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Press Releases

Godfathers exhibition

GODFATHERS: An Exploration Into Psychedelic, Counterculture, Rock & Roll Art History at The Chambers Project

Opening on March 9th, 2024 at The Chambers Project gallery in Grass Valley, CA

Showcases the golden era of psychedelic art with collections from iconic artists: Roger Dean, Ralph Steadman, Rick Griffin, and Jacaeber Kastor, side-by-side for the first time The Chambers Project to launch the Psychedelic Arts and Culture Trust (PACT) at ‘Godfathers’ opening night.

Grass Valley, CA — The Chambers Project, (627 E Main St, Grass Valley, CA 95945) the global epicenter of the psychedelic art movement and renowned gallery destination, is excited to announce the grand opening of ‘Godfathers: An Exploration Into Psychedelic, Counterculture, Rock & Roll Art History’ on March 9th, 2024. Curated by Brian Chambers, driven by his personal aesthetic and most influential artists, this exhibition immerses visitors in the vibrant era of psychedelic art, showcasing collections by iconic artists Ralph Steadman, Rick Griffin, Roger Dean, and Jacaeber Kastor, side-by-side for the first time.

Brian Chambers, founder of The Chambers Project, has been a pioneering figure in championing psychedelic art since the mid-1990s. His dedication to preserving the legacy of this art movement has culminated in “Godfathers,” a showcase that transcends traditional exhibition curation and reflects Chambers’ influential curation taste. The centerpieces of Godfathers are paintings and drawings by four master artists of the era, Ralph Steadman, Rick Griffin, Roger Dean, and Jacaeber Kastor.

The exhibition features Roger Dean’s seismic status through iconic pieces like “Relayer,” licensed by Yes for their seminal album, while the recent $960,0000 sale of Dean’s masterpiece “The Quest” emphasizes his enduring artistic legacy. Renowned for his collaboration on “Fear and Loathing in Las Vegas,” Ralph Steadman’s raw, visceral art is exclusively available in this exhibit, featuring his historic original inks and defining works.

Rick Griffin, a luminary of the era, contributes rare pieces, including the original artwork for “The Flying Eyeball,” globally recognized as the most iconic rock concert poster of all time and recently sold for 175K. Beyond these psychedelic titans, the exhibition includes diverse elements such as Peter Max’s “Icarus” neon sign and signed LSD blotter sheets, offering a unique glimpse into the visual history of the acid underground. Collections from Jacaeber Kastor, founder of the famed Psychedelic Solution and mentor to Chambers, will be on display, further contextualizing the influence of psychedelic art on music and culture.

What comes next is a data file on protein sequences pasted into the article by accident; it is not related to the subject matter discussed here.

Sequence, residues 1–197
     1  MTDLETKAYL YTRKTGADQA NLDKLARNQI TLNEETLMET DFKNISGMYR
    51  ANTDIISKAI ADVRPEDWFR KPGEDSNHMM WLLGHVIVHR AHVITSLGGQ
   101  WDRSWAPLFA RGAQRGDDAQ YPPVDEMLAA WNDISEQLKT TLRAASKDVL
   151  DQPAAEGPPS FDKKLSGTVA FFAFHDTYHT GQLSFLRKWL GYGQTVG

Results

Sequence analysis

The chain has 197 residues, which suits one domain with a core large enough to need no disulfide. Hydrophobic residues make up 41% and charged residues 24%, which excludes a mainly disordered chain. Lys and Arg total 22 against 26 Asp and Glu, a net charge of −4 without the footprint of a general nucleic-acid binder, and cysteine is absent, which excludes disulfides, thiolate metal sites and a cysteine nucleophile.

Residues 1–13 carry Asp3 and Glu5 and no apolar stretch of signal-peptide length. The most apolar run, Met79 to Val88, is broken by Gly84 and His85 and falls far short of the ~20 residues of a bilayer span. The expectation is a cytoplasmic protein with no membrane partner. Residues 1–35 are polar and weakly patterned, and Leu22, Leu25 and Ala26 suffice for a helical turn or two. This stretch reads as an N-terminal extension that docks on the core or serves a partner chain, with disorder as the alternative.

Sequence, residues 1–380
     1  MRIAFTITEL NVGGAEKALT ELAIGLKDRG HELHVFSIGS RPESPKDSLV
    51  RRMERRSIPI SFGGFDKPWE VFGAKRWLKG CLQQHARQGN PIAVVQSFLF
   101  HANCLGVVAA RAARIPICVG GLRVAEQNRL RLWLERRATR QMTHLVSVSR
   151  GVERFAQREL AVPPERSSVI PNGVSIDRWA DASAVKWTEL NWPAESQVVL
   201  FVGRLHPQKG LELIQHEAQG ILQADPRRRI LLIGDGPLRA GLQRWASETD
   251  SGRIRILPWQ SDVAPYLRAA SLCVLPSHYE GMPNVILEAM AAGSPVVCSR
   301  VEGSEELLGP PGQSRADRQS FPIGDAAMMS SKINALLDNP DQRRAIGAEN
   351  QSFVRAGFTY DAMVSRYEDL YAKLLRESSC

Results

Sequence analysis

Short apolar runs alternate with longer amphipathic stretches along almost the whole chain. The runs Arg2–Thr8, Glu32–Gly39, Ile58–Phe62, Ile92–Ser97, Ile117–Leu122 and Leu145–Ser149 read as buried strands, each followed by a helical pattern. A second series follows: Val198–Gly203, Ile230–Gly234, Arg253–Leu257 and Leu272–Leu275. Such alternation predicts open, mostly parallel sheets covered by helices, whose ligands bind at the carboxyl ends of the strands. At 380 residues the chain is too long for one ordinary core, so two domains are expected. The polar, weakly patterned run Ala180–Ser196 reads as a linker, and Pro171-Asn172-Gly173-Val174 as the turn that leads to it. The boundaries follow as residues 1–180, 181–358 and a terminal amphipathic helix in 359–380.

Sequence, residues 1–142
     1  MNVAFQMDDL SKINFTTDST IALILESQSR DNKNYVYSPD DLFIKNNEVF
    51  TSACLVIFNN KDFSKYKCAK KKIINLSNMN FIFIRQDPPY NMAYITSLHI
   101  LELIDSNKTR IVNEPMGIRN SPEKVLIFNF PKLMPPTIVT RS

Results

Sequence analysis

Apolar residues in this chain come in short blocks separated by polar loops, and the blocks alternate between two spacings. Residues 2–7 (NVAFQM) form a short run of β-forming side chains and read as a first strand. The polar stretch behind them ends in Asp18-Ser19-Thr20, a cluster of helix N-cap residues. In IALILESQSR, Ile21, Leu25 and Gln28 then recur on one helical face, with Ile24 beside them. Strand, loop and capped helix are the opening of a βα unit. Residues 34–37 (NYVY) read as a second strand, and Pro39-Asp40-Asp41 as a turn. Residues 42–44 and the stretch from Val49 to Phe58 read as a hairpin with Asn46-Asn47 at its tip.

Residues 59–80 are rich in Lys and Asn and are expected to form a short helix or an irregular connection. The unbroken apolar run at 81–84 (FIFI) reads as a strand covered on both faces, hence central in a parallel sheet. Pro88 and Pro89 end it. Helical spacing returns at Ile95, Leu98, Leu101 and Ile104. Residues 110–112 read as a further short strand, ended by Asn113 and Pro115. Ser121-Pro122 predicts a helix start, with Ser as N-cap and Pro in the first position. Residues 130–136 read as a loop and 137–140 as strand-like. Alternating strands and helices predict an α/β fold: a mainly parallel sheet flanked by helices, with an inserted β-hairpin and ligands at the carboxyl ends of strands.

For the first time, over one half of the exhibited pieces will be available for sale. Enthusiasts can acquire works from the iconic “Fear and Loathing” collection by Ralph Steadman, half of the Rick Griffin grails, and all of Roger Dean’s pieces on display in the exhibition. Ralph Steadman’s historic original inks from “Fear and Loathing in Las Vegas,” initially published in Rolling Stone magazine, will be among the featured artworks available for purchase.

Notably, the inaugural night of the ‘Godfathers’ exhibit will mark the official launch of the Psychedelic Arts and Culture Trust (PACT), a non profit serving as an extension of The Chambers Project committed to honoring the past and shaping the future of psychedelic arts and culture. The Chambers Project gallery will thoughtfully split the ‘Godfathers’ exhibit on one side and PACT on the other, providing a glimpse into the PACT’s trajectory as a vibrant community hub, driven by education and illustrating the chronological impact of psychedelics on arts and culture throughout history. PACT will cover a dynamic space where attendees can experience music and transformative activations throughout the evening.


Wixarika art benefit exhibition

Wixáritari Peyote Paintings and Photos Will Preserve the Desert

The Psychedelic Arts and Culture Trust/The Chambers Project

Saturday 4th – 25th May, 2024

The Psychedelic Arts and Culture Trust is hosting a benefit exhibit for the Wirikuta Preservation Project, an organization of the Wixáritari tribe of North Western Mexico, California, New Mexico, Arizona and Texas. The Wixáritari are also known as Huichol, a colonial name derived from mispronunciation.